Opinion: Accessible design certification an ‘eye-opening’ experience for AU architect
Dr. Henry Tsang, an award-winning architect and Athabasca University (AU) professor, recently completed the Rick Hansen Foundation Accessibility Certification Training (RHFAC). He shares this review of the course, which he says “renewed my commitment to building a more accessible, equitable, and inclusive world.”
I recently became a father. Since I started moving around town with the baby stroller, I have come to realize the challenges and barriers in navigating the city and our buildings with wheels. How do I go upstairs without a ramp? How do I open a door and keep it open? Where are the universal bathrooms? And perhaps most importantly, where are those darn diaper-changing tables when you need them?
As an architect, I spend a lot of time thinking about buildings, and how to design them to be better adapted to the users’ needs. However, I’ve become aware that accessibility has been a blind spot in my design process.
“I’ve become aware that accessibility has been a blind spot in my design process.”
Accessibility is not a topic formally taught in an architect’s training, so for most designers, it is merely a requirement of the building code. For instance, the code requires minimum-sized universal washrooms to be included in public buildings but there is no mention that they need to be easily found or accessed. Unsurprisingly, they aren’t.
Discovering my blind spots
To fulfill my professional continuing education this year, I enrolled in the Rick Hansen Foundation Accessibility Certification Training offered through PowerED™ by Athabasca University. To be honest, I started the course not expecting to learn much. After all, throughout my 15 years in practice, I designed several hospitals so I thought I already had a good grasp of what would be needed to design an accessible building for wheelchairs—requirements such as room dimensions, door widths, counter heights, ramp slopes, and hand rails.
I had only scratched the surface. Through the intensive and interactive three-month course, I learned how to see space through various perspectives that are different from the “standard” person that buildings are designed to fit. The average building is, in fact, a one-size-fits-all that doesn’t work for everybody. A tall person may need to slouch to go through doors and a small person may need a step stool to reach the kitchen faucet.
What else? The international symbol for access is a man in a wheelchair, and that is also problematic. I never really paid much attention to the banal blue sign mounted in front of toilets, but I found out that designing a building for the “wheelchair guy” makes accessibility centred on mobility and excludes many. What about people with visual impairments? Hearing impairments? Invisible disabilities? Seniors? Parents with strollers?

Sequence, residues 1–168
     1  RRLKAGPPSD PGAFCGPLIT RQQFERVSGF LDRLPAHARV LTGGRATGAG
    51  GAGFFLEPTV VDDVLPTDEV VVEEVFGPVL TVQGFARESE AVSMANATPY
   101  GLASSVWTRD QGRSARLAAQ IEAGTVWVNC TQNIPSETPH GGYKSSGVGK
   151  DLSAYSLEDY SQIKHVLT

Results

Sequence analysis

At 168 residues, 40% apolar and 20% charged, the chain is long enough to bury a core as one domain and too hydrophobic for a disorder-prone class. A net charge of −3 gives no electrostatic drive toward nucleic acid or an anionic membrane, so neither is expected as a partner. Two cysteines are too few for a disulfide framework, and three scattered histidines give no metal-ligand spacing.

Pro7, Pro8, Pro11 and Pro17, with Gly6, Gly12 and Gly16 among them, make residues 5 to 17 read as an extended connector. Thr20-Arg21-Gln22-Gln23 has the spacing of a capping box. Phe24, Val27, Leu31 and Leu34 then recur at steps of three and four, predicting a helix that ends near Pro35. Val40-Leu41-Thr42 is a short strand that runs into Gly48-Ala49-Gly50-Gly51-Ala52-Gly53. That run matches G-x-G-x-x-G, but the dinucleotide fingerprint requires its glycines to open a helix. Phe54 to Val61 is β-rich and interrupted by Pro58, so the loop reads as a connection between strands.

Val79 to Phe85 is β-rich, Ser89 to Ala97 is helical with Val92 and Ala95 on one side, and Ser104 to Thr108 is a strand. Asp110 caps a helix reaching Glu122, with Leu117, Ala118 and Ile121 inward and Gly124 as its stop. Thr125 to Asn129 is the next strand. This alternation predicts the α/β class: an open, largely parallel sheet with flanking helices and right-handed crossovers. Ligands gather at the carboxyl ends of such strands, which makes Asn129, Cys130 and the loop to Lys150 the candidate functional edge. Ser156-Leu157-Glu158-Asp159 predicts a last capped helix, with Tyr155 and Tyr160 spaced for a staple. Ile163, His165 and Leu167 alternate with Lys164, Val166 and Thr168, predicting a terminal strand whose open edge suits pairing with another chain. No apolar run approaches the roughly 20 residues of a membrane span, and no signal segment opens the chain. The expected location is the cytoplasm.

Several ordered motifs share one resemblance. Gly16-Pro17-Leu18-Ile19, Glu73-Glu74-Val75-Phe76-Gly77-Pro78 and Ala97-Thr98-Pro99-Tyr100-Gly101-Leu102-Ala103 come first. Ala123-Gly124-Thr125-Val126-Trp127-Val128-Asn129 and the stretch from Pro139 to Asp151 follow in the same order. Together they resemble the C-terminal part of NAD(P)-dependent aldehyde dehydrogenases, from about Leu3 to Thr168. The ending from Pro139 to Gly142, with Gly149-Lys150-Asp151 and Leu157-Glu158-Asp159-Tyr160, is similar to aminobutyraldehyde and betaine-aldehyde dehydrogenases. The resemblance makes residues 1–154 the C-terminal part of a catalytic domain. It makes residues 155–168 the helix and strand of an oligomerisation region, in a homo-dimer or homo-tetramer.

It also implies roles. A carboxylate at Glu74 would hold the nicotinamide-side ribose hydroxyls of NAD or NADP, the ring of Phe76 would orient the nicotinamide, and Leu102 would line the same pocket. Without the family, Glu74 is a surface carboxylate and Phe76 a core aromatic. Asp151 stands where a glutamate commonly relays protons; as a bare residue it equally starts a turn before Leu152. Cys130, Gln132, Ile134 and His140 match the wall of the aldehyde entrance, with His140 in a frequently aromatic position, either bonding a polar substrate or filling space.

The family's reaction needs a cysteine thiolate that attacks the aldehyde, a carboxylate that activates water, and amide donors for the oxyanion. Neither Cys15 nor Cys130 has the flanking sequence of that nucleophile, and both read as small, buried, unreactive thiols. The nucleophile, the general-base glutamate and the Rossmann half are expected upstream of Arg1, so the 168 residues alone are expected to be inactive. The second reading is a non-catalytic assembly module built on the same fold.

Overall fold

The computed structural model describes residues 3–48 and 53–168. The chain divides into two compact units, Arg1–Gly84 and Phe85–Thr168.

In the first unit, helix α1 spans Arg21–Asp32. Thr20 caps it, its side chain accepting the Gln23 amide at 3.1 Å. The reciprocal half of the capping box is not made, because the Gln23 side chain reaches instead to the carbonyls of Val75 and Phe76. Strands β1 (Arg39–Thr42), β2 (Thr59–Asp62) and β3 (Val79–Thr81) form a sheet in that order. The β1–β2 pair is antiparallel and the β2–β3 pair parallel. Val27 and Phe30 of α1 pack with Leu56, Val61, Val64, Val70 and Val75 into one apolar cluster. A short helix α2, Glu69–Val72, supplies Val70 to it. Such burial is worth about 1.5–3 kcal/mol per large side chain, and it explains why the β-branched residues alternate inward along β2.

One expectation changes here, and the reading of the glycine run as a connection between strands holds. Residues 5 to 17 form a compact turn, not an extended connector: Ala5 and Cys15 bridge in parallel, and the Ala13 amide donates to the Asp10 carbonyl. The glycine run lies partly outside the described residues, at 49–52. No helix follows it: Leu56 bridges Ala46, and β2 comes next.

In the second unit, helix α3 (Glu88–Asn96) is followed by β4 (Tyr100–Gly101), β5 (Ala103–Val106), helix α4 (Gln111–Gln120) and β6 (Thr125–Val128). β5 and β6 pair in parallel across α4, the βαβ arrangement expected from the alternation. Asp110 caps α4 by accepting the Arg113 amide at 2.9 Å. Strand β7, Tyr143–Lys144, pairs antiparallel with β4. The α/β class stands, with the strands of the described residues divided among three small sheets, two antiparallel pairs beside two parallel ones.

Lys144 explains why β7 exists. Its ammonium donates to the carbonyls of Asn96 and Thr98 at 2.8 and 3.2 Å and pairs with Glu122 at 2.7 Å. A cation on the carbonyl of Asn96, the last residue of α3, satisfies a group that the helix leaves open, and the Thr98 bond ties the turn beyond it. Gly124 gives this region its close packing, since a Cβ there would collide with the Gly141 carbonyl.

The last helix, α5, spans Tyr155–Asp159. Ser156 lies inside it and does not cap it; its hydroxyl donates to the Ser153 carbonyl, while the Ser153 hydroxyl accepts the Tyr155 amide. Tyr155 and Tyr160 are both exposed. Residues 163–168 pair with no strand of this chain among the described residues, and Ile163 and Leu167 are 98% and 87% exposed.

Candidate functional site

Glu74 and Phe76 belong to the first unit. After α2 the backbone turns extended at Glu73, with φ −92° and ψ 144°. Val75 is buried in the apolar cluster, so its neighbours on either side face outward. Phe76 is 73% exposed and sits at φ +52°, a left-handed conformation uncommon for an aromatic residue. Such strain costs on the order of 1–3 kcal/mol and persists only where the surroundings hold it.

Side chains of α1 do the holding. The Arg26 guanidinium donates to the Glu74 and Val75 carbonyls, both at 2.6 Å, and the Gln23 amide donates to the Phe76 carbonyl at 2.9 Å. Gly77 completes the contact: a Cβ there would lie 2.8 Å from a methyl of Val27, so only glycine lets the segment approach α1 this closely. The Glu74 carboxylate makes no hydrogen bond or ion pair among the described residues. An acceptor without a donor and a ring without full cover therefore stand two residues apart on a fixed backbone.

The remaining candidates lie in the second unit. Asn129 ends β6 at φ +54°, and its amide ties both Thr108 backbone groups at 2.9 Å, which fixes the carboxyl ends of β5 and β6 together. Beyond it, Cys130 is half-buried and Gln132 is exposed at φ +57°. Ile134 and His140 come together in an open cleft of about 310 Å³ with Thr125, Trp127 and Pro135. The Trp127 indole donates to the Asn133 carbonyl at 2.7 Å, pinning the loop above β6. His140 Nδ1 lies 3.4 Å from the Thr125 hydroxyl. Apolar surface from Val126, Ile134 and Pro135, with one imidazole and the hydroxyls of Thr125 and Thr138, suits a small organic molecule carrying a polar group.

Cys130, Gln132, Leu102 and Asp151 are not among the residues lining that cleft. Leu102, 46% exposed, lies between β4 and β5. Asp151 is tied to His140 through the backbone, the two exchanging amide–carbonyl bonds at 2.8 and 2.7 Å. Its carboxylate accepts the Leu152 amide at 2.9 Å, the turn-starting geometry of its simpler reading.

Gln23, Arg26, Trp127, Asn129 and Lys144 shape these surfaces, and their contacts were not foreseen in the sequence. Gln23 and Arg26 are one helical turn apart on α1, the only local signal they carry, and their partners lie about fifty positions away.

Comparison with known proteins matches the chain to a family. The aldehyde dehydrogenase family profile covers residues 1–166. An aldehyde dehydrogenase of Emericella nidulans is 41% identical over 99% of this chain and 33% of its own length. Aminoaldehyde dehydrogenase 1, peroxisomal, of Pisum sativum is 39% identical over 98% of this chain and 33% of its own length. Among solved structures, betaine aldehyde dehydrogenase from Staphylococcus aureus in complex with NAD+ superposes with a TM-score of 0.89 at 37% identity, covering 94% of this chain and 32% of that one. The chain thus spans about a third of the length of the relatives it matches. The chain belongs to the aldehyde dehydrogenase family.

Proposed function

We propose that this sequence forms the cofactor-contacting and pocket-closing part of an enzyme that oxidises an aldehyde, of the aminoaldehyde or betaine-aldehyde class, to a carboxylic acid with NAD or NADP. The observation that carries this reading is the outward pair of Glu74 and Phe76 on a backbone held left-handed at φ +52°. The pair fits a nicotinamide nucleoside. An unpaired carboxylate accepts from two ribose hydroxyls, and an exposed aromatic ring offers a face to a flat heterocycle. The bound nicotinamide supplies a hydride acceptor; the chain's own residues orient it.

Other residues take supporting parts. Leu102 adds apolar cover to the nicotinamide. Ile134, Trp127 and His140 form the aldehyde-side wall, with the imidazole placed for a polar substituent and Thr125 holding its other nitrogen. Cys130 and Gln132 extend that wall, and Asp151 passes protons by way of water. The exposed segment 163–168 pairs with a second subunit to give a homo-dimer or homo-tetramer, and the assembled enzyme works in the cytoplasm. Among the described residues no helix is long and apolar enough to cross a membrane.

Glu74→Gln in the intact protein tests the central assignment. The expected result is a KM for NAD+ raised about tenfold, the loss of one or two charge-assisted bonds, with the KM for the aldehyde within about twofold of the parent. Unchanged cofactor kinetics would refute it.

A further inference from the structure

Made for industry professionals
The course is custom-made for professionals in the construction industry. It is to the point, so I believe it is an essential course for colleagues working on accessible buildings. It gives a comprehensive description of the design and construction phases, documentation, regulatory environment, and human rights legislation related to accessibility.
The course then dives into all the different areas of the building that need to be flagged for potential barriers. This starts from the site access at the parking lot or transit station to the path to reach the building entrance. Moving inside the building, all the circulation paths must connect to every programmatic section of the building. To help people of varying disabilities, important visual, audible, and tactile features are also introduced. Relevant suggestions are also provided to improve usage and layout of functional rooms, such as the sanitary facilities and spaces for work, life, and play so that everyone can enjoy them equally.
“Designing for accessibility is not about making buildings usable to a larger minority, but rather about making buildings enjoyable to all.”
After completing the course, I am now able to use the RHFAC rating program to evaluate a building’s accessibility. But what makes this certification program unique is that the Rick Hansen Foundation Accessibility Certification is not a checklist but rather a holistic assessment of the users’ experience. I realized that designing for accessibility is not and should not be a prescriptive process. It should be one focused on the physical, sensorial, and emotional experience of being in buildings.
Designing for accessibility is not about making buildings usable to a larger minority, but rather about making buildings enjoyable to all, and in which everyone feels welcome and included. As one of the instructors put it: “Design for accessibility and inclusion will follow.” The RHFAC training course has truly been an an eye-opening experience, and renewed my commitment to building a more accessible, equitable, and inclusive world.
Banner image: Marcus Aurelius from Pexels.
The opinions expressed in this article are the author’s and may not reflect the views of Athabasca University.